In the village of Glenview, east of the Chicago River’s North Branch, Harms Flatwoods is dominated by huge old bur and swamp white oaks, with an understory of black ash, winterberry, hazelnut and other native trees and shrubs. Stewards are making good progress against invasives such as buckthorn and garlic mustard. Fire was re-introduced in 1996 for the first time in recent history. Flatwoods communities are very wet in the spring and fall rainy seasons because a clay pan underlying the top layers of soil tends to hold the water. Plants such as the lovely Carex bromoides, affectionately described as the “dropseed of the woods” because of its fountain-like growth habit, flourishes in this wet woods. A bridle path leads riders and hikers through the woods along the north edge and down the east side.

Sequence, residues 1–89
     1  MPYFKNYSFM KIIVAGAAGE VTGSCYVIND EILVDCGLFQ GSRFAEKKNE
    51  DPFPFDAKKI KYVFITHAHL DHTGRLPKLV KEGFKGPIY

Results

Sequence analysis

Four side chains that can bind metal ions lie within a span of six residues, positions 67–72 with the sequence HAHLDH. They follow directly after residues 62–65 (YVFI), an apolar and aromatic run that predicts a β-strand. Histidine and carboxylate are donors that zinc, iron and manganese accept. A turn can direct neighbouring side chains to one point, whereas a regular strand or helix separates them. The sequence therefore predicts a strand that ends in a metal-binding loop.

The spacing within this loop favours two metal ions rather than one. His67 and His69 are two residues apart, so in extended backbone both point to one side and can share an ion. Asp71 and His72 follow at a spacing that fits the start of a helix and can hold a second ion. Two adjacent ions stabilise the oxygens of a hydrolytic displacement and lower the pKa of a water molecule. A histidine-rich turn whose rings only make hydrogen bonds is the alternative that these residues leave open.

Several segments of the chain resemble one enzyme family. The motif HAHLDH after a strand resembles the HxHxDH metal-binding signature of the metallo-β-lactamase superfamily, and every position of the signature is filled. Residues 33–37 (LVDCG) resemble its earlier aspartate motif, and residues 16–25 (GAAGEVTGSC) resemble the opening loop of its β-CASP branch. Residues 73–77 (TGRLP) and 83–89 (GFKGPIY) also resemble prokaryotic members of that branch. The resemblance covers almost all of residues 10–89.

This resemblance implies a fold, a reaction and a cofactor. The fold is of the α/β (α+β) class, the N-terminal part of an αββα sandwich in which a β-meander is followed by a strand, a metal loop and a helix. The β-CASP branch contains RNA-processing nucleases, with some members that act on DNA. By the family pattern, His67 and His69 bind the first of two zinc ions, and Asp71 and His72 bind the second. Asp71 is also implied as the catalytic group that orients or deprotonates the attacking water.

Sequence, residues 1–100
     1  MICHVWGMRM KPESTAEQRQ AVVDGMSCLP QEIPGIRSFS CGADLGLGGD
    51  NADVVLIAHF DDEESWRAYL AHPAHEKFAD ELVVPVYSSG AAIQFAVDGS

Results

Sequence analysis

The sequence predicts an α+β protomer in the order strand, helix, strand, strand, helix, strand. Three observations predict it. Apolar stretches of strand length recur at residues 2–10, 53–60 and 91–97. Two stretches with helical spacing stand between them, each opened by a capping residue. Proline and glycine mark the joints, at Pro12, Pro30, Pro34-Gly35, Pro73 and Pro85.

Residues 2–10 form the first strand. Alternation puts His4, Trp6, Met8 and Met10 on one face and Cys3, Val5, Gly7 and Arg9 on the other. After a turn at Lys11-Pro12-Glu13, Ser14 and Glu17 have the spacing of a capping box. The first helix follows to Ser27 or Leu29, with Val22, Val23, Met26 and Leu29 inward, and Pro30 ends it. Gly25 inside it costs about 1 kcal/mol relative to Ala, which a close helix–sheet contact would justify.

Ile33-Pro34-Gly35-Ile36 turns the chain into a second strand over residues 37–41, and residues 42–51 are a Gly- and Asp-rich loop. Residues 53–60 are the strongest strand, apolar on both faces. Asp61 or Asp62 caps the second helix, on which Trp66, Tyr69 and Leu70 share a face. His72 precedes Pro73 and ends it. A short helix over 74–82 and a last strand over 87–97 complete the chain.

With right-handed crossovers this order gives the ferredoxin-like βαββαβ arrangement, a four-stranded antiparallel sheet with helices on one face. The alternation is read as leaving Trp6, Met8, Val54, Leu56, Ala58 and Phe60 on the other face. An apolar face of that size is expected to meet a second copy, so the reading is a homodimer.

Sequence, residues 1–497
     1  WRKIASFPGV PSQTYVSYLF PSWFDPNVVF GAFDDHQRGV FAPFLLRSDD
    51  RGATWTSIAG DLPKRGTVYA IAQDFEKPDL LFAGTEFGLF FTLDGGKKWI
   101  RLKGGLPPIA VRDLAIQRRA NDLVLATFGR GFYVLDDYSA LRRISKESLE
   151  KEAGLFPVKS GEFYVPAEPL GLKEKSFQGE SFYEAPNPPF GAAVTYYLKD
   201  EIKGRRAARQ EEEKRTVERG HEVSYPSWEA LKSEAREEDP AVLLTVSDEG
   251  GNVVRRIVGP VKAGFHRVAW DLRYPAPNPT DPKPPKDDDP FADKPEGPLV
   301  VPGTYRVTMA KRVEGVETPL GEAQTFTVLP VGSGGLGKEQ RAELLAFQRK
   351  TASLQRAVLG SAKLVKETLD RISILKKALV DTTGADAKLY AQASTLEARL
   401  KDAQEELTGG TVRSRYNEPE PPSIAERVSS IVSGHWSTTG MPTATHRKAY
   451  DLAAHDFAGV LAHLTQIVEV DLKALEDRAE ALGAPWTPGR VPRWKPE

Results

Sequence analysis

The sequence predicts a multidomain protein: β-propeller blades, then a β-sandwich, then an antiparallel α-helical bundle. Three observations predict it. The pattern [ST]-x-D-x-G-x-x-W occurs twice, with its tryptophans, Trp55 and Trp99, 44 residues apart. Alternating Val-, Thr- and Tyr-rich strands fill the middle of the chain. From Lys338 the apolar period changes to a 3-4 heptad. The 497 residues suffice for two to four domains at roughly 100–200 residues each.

In January of 2017, Harms Flatwoods was dedicated as an Illinois Nature Preserve, in recognition of its unique ecology. Illinois Nature Preserve designation affords the strongest degree of protection for Illinois natural areas.